Macau Scams And Banks Telemarketing

According to a news report, people in Malaysia are falling victim to Macau scams or phone scams increasingly over the past 3 years. The Consumers Association of Penang (CAP) finds this quite disturbing as this is an old scamming tactic. The report states that police have supposedly warned people about syndicates and fraudsters who contact them, posing as Bank Negara Malaysia officers, police officers or their bank officers. Nevertheless people still easily fall victim to Macau scams

However, can we blame these people for being so easily fooled? Macau scams involve a lot of psychological attack tactics that victims do not even realise because they are so subtle. In carrying out this kind of scam, it is necessary that the perpetrator appears authoritative and credible to the potential victim to encourage compliance. This is the reason they usually pose as officers of BNM, police or other banks and request victims to transfer their money to some “Datuk’s” bank account. Or they endeavour to appeal to desperate victims by saying that they have been approved for a loan with so and so bank and they just need to bank in a deposit of RMxxxx before they can receive the money promised. Fraudsters also aim to incite fear in victims so that they will make snap judgements in the fraudster’s favour.

What’s more, legitimate bank officers are in fact contacting their customers directly. It’s called telemarketing, a word that we should all be familiar with and will no doubt spark annoyance of different levels within many of us. Customers regularly receive SMS(s) or are personally phoned by their bank’s officers who feel it is imperative that customers know about the banks latest bank loan schemes and credit card deals and “gently” coerce them into signing up because “Interest is super low, only x%!” and “Spend now, Pay later, Live life!” and “You will get this awesome umbrella, look it’s so big!”.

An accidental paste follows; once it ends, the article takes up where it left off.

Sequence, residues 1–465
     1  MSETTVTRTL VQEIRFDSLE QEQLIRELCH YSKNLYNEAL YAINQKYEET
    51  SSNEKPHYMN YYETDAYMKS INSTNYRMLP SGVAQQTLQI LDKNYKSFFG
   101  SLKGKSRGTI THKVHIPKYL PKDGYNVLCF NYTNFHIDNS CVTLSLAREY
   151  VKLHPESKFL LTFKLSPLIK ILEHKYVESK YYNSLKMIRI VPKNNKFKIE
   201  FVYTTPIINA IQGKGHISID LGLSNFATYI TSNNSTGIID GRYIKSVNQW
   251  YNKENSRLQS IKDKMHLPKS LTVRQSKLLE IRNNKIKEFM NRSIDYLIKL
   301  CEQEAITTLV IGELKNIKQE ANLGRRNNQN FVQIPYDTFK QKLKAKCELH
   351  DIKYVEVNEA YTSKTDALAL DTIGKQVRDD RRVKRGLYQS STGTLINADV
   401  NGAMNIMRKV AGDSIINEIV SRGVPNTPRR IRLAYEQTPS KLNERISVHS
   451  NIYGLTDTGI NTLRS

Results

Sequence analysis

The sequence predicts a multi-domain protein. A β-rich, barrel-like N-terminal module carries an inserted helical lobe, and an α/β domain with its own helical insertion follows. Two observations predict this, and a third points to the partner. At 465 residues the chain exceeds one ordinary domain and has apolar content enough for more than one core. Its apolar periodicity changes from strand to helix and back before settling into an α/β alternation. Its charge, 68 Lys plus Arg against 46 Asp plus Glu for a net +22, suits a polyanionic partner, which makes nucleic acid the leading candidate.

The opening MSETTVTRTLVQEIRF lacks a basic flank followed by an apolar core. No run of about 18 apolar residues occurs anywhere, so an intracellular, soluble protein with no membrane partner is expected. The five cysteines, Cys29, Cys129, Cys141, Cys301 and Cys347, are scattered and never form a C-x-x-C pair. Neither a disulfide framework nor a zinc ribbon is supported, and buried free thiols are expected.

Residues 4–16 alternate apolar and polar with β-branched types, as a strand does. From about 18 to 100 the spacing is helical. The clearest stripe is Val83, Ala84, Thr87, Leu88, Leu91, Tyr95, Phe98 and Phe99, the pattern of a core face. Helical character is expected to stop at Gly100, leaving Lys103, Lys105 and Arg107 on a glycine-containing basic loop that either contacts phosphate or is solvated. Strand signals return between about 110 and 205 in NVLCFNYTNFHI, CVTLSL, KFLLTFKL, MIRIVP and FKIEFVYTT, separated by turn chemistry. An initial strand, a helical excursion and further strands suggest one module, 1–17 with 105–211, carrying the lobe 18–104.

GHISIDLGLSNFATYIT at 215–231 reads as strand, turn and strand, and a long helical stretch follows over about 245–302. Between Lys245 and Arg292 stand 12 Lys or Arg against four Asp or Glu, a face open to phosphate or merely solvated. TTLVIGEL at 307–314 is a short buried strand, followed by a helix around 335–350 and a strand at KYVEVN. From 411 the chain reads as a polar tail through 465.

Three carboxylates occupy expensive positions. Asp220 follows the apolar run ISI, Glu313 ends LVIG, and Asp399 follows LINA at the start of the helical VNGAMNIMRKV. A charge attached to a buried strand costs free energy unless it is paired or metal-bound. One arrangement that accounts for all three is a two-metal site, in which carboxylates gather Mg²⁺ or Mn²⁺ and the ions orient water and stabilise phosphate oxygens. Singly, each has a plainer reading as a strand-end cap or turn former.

Even so I digress, the point is with all this telemarketing by banks going around, how are customers suppose to be able to differentiate between fraudsters ad legitimate bank officers? Over the phone, there is no way for customers to tell if it is a scam or not. Not to mention, while these legitimate bank officers conducting telemarketing do not appear to have much authority, they do have credibility of the bank they are associated with to back them up and they do rely on customers snap judgement. Thus, one could say that the tactics of the legit and non-legit run along nearly the same lines.

As such, CAP request that all banks stop the practice of telemarketing. No institution, whether BNM, police or other banks, should be contacting customers directly, asking them to make decisions over the phone whether it has to do with their assets, approved loans or credit cards. Whether a problem or an opportunity, customers should always be asked to meet an officer at their bank if they are interested said problem or opportunity. When banks stop telemarketing, customers will know without a doubt, the next time they receive a call from their bank, BNM or police that it is a scam and will take appropriate action.

Letter to the press, 24 November 2014